By Shirley Shuman
Last Tuesday afternoon, 27 dogs and their handlers paraded onto the high school football field for a dog show modeled somewhat on the American Kennel Club’s shows. The culmination of a project in instructor Josh Porto’s Companion Animals Class and instructor Jami Heavner’s Exceptional Eagles class, the show was declared a success by all who participated.
Allison Westfall, who shows her dog throughout much of the United States, judged the dogs, choosing a winner from each group and a Best of Show winner. Westfall commented that the results of the students’ work “showed a lot of time and effort put into their projects.” She added, “It was exciting for me to hear what they’d learned about their chosen breeds. What impressed me most was the spirit of the dog show. Most of the students were excited to participate. This was definitely a worthwhile project.”
“They really enjoyed it,” Hefner, teacher of the Exceptional Eagles, said of her students. These students, who worked as a group, created a Commadore, a Maltese, and a bull terrier. “They were excited about putting the dogs together, especially the Commodore because they used mop heads for the fur. Those who like sensory learning really liked that,” she said. Heavner ended by saying that this was a good project for her students because they not only enjoyed it but they also learned about public speaking skills.
Instructor Porto explained the procedures the students followed to create their dogs. After he introduced the unit on dogs, he gave the assignment. Students were divided into groups according to breed standards. Then they each chose a particular breed from their group. That was followed by intense research so students could learn about their dogs.
Once the research was complete, each student was to find a picture of the chosen dog and trace the shape of the dog onto wood which their teacher provided. Next came cutting out the shape and “creating” a dog. Their instructor provided the wood and paint in primary colors (some secondary colors). The rest was up to the students, and many became highly creative.
For the actual show, Porto was the announcer. He called students and dogs onto the field by groups to be judged. Westfall, the judge, not only evaluated the appearance of the animals; she also spoke with handlers to evaluate what they knew about their dogs.
Some of the winners in different group expressed their views on their work and the results. Several also had interesting reasons for their choices of breeds. For example, Morgan Whitney, winner in the herding group, chose to create a Malinois because she had become acquainted with the breed earlier. “When I was younger, my uncle left this dog, a Malinois, in my care, and I enjoyed it.” She went on to explain that the Malinois was originally used to herd cattle and for the military and protective work. Her uncle’s dog was trained to sniff out narcotics. Of the project, Whitney called it “worthwhile.” She added, “I had a good time, and it was definitely a learning experience.”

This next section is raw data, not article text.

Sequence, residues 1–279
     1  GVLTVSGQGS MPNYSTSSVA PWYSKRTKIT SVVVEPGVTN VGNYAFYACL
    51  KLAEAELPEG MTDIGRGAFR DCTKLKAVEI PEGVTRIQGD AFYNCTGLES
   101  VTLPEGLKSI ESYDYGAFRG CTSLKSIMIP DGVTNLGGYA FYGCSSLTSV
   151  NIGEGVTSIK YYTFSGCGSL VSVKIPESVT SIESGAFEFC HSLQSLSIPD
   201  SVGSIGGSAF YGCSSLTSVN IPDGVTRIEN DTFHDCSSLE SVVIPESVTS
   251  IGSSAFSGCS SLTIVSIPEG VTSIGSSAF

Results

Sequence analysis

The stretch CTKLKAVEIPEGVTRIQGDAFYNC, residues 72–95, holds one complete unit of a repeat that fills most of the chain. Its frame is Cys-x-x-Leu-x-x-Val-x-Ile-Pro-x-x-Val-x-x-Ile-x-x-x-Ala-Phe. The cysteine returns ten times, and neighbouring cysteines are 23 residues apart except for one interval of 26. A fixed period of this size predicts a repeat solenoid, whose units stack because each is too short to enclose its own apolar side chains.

“My brother has four beagles, and I love them,” Braylin Robinson gave as her reason for choosing a beagle for the dog show. Robinson, winner in the hound group, explained that she learned much more about the beagle through the research they did in class. This young woman was so excited abut the project that she started getting her dog ready before other students did. She used her brother’s dogs as models. Asked what she liked best about the project, Robinson answered, “Getting my dog ready for the show. It was exciting for me to be a part of it. This has been my favorite project. It was definitely worthwhile.”
Winner of Best of Show and of the terrier group, Montana Wade was one of those who went beyond the fundamental project to create an Airedale. Wade said she chose the Airedale because “it is the type of dog I’ve always liked.” This dog handler explained how she created her dog. “I made the frame out of cardboard boxes and used masking tape to hold it together. Since the Airedale is wiry, I glued cotton balls on the frame for the coat. Then I sprayed it to make it wiry. I painted the eyes myself.” All of this took several evenings of work in addition to the allotted class time. Wade’s reaction to receiving Best of Show was surprise. “I wasn’t really expecting to win because there were so many good dogs,” she said. She feels the project was “a really good bonding experience,” and said that they learned about the dogs through the research.
The other group winners include Kenzie Belknap for the Non-sporting group, Stephanie Singleton—Sporting Group, Exceptional Eagles—Working Group, and Emma Rose—Toy Group.
Two weeks of classroom work—with more for some students, plus careful planning on the part of instructor Porto, created an interesting and, as the students agreed, worthwhile project. Porto plans now to post the photos online and ask viewers to choose their favorites.